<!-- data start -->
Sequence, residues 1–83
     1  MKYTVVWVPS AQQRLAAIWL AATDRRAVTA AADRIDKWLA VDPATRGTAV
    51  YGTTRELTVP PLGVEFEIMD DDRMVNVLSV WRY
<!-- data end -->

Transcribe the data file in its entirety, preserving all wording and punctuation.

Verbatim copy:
Sequence, residues 1–83
     1  MKYTVVWVPS AQQRLAAIWL AATDRRAVTA AADRIDKWLA VDPATRGTAV
    51  YGTTRELTVP PLGVEFEIMD DDRMVNVLSV WRY